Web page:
Argentina's Lionel Scaloni is the youngest coach at this World Cup, but the 44-year-old intends to prove his relative inexperience is no obstacle against Louis van Gaal and the Netherlands in Friday's quarter-final.
Having witnessed first-hand Argentina's World Cup campaign unravel in 2018 as the assistant to Jorge Sampaoli, Scaloni was not an obvious choice to take over the top job in the wake of a last-16 exit.
Without any previous senior head coach experience, Scaloni was initially appointed on an interim basis as the Argentine federation searched for Sampaoli's successor, but he eventually earned a permanent deal -- recently extended to 2026.
He brushed off the disapproval from those who felt he lacked the qualifications to lead the two-time world champions, but Scaloni also had to win over the trust of the players.
Scaloni did just that by helping end Argentina's 28-year trophy drought with victory at the 2021 Copa America after a 1-0 win over hosts Brazil in the final.
He succeeded where the likes of Daniel Passarella, Marcelo Bielsa, Alejandro Sabella and Gerardo Martino did not, without also forgetting Diego Maradona's colourful, but unfruitful two-year spell in charge.
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"At first there was mistrust," midfielder Rodrigo De Paul said after the Copa America triumph. "Now Scaloni could convince us of anything."
Argentina touched down in Qatar among the favourites for the title and with a 36-match unbeaten run.
A shock opening defeat by Saudi Arabia could have spelled disaster and marked a sad farewell for one of the game's all-time greats, Lionel Messi, at his final World Cup.
Instead Scaloni called for calm and dispelled any worries. "We'll pick ourselves up and win the (next) two games," he said.
Argentina indeed resurrected their World Cup bid with 2-0 wins over Mexico and Poland to advance top of their group. They went on to beat Australia 2-1 in the last 16.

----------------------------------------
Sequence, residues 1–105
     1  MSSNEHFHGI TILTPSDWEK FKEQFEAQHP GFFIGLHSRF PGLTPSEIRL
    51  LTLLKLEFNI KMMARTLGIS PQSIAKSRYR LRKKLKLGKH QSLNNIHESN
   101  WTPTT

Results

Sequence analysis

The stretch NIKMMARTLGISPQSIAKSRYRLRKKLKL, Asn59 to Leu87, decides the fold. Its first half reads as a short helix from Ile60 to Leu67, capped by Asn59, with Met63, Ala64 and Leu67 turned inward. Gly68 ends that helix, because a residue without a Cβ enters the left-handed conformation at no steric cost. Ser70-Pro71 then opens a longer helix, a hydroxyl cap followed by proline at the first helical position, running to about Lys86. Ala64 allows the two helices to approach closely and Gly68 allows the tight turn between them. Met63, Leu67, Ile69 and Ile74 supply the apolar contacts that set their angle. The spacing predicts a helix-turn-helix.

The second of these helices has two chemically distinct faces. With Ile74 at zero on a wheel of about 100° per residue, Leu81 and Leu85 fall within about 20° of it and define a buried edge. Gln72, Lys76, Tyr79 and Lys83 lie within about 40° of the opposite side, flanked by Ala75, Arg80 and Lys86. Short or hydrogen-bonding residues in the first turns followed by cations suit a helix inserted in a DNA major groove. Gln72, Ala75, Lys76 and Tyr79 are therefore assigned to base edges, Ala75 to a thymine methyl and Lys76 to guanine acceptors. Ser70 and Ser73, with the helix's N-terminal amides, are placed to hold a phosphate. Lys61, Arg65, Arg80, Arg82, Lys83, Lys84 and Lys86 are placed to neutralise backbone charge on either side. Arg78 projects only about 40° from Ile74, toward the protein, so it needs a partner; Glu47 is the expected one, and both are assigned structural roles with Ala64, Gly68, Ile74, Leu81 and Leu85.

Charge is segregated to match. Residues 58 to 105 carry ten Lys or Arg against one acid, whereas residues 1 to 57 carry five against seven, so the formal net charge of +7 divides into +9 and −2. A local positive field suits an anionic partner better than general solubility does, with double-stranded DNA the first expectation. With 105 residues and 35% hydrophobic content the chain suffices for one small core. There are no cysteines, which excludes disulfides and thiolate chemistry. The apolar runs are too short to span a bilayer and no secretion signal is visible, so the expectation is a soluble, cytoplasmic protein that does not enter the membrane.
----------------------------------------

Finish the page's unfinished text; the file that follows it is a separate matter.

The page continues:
Awaiting Scaloni and Argentina next are a Dutch side led by a coach he already idolised when he was still a player.
"I was at Deportivo La Coruna when he was Barcelona coach and he was already an leading figure, I'm proud to take him on, everyone knows what he's done for football," said Scaloni of the 71-year-old Van Gaal, the oldest coach at this tournament.
Scaloni was actually part of the Deportivo side that pipped Van Gaal's Barcelona to the Spanish league title in 2000.
He also had a brief spell with West Ham and played in the 2006 FA Cup final, which a Liverpool team inspired side by Steven Gerrard won on penalties.
The former full-back was capped seven times by Argentina and featured once at the 2006 World Cup, where he was team-mates with a teenage Messi.
In Qatar, with the seven-time Ballon d'Or winner now 35, it's been a roller coaster of emotions for Argentina in their quest for a third World Cup title, and first since 1986.
After the loss to Saudi Arabia, assistant coach Pablo Aimar was on the brink of tears during the win over Mexico. Scaloni emphasised the need for some perspective.
"You have to have some common sense, it's just a football match," he said.
"I received a message from my brother saying he was crying and it can't be like that. It's as if it were more than a football match.
"I don't share that. The players must understand it's a football match. If not, it will be like this in every match.
"It's hard to make people understand that the sun will rise tomorrow, win or lose. What matters is how you do things."
Scaloni's coaching achievements are dwarfed by those of Van Gaal, who has spent four decades in management at some of Europe's biggest clubs, but he hopes for a similar outcome to the one from when the two nations met in the semi-finals eight years ago.
Argentina beat Van Gaal's Netherlands on penalties after a 0-0 draw in Sao Paulo, only to lose the final against Germany.
"It's not as brilliant as previous Dutch teams, but they are very clear on what they do," said Scaloni.
"It will be a great match between two historic teams. One will be knocked out, we hope we go through."